Then they were photographed at a Bedouin encampment, and various locales around the old city of Jerusalem. Once we stopped for lunch of fresh fish at a cafe on the Sea of Galilee. A few of us had fun riding a smelly camel. I had our driver make a side trip to Bethlehem so I could see the Church of the Nativity, and I bought a carved olive wood creche from a peddler outside.
I have returned to this sceptered isle many times. I sometimes stay with friends who live in Islington. I enjoy the teas at Harrods and the Savoy. I love the Victoria and Albert and the British Museum and the National Portrait Gallery, where a friend often lectures. I also love taking the boat up the Thames to Kew Gardens. One pleasant discovery was seeing the huge “Saying Goodbye” bronze statue in the renovated St. Pancreas train station. The chunnel train to Paris leaves from this station.
On one trip to England I visited a friend in Wales who has an old stone home in the shadow of the Snowdon Mountains. It was awesome.
Another time I spent time in the South West in Lyme Regis, and I took side trips to Bath and Penzance. I was impressed by Mount St. Michael, where the walkway gets inundated at high tide. I almost did not make it back across in time to catch my bus.
Florence is my favorite city in Italy because of its breathtaking multicolored marble churches and spectacular art, especially Michelangelo’s David. And watching fashion shows in the Pitti Palace was a special treat.
Rome’s fountains and squares are exceptional, as is the pasta. I have thrown many coins in the Trevi Fountain, which has brought me back to this golden city often. I think of it whenever I see the opera, “Tosca,” and see Castle Sant Angelo on the Tiber River. It is always a thrill to see Michelangelo’s Sistine Chapel in the Vatican. I am in awe of the canals and St. Mark’s Square in Venice. But I was gobsmacked in Pompeii with is people frozen in place when Vesuvius erupted eons ago. And Milan has two marvels: Leonardo DaVinci’s Last Supper and La Scala Opera House.
Paris is a dream with its distinctive architecture, and at the Louvre I was awed by the Winged Victory at the top of the steps, more visually exciting than the Mona Lisa. I saw a lot of the city when covering fashion shows, flitting to the salons of Dior, Givenchy, Balmain, Chanel, etc. on the Right Bank. But I love the Left Bank in St. Michel and Saint German with its cafes such as the Deux Magots.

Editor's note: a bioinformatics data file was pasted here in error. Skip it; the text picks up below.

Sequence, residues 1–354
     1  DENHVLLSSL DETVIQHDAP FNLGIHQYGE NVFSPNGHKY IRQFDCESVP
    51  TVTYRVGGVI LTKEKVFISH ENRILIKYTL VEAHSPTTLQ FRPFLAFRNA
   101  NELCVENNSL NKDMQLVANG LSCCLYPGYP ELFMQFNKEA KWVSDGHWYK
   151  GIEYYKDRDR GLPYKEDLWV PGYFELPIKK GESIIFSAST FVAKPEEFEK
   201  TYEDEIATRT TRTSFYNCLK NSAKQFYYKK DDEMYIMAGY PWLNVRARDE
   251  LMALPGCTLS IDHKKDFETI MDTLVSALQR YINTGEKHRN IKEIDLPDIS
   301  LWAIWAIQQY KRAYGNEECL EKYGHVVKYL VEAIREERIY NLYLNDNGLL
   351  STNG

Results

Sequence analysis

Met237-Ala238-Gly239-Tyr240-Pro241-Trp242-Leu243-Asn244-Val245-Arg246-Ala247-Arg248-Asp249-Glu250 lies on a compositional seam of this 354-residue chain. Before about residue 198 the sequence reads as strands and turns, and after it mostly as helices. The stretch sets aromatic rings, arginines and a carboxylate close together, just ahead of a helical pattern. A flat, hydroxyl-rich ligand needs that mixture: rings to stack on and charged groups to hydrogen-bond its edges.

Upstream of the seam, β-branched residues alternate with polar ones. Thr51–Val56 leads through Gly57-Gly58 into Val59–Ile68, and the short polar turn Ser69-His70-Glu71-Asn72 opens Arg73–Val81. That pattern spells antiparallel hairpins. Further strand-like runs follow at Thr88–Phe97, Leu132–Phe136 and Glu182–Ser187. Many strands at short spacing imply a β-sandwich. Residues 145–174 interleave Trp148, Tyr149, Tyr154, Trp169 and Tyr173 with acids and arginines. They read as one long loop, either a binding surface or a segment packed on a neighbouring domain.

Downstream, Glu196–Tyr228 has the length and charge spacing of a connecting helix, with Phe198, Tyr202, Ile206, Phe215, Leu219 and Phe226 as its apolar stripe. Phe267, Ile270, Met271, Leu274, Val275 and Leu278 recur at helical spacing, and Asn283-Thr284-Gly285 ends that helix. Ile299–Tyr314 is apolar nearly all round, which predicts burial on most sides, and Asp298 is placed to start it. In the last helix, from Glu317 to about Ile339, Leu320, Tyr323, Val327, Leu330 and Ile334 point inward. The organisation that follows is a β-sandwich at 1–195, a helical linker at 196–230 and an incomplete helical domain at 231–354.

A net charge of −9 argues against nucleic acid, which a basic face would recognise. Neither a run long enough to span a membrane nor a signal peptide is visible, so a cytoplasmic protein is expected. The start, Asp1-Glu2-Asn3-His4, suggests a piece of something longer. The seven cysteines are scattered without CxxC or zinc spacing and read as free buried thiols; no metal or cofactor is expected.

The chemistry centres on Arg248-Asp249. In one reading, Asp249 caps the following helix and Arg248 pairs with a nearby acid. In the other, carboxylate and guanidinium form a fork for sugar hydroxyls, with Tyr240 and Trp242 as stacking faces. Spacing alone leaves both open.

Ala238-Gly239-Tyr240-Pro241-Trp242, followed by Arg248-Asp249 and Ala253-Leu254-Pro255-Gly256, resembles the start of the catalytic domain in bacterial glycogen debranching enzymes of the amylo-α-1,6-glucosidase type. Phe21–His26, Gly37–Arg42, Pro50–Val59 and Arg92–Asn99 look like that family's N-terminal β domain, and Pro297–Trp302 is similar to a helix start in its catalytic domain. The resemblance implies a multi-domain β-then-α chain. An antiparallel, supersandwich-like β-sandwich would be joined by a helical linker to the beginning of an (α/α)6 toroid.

One of my favorite places in France is Villefranche sur Mer, on the Riviera near Nice, where I spent a month learning French at the Institut de Francais. I had a view of the gorgeous bay from my studio terrace. I would have learned more if I had studied more.
But I was distracted by the food and wine, ooh la la! One must is going to see Monet’s beauteous gardens at Giverny, it is a worthwhile trip just as is viewing the opulence at Versailles.
Unexpected things sometimes happen when traveling. For instance, once I, along with my mother and aunt, were thrown off a train from Poland to Hungary. We had been told that we only needed a visa to Hungary and not to Czechoslovakia, which we were only passing through. But at the border of Czechoslovakia an official boarded and reprimanded us for not having a visa. He made us disembark
So there we were in the middle of the night, three women on a dark, deserted platform. We waited for more than an hour for a train back to Poland.
An amusing thing happened on a tour in Morocco. While some of us were touring the souk (marketplace), a Moroccan man approached a woman and her well-endowed daughter, and he asked if she would like to trade her well-endowed daughter for his dozen camels.
She indignantly said, “NO WAY!”
In Moscow I was approached by two young girls who wanted to buy the blue jean skirt I was wearing. I declined their offer but they followed me to my hotel. So I told them to wait outside while I went to my room to change. I returned with the skirt and told them they could have it for the equivalent of $5 in rubles. They agreed and went on their way with my skirt. At that time in the 1970s young Russians were gaga over American jeans, which were scarce in their basic stores.
1970‘S Russian youth in blue jeans.
A million thanks Barbara, I know my readers have throughly enjoyed joining you in your travel adventures….I wonder what reflections you will share with us next (soon I hope!)….I can only imagine!!!!!
Barbara’s own photos and newspaper clippings are supplemented by photos found on Pinterest phot credits unknown.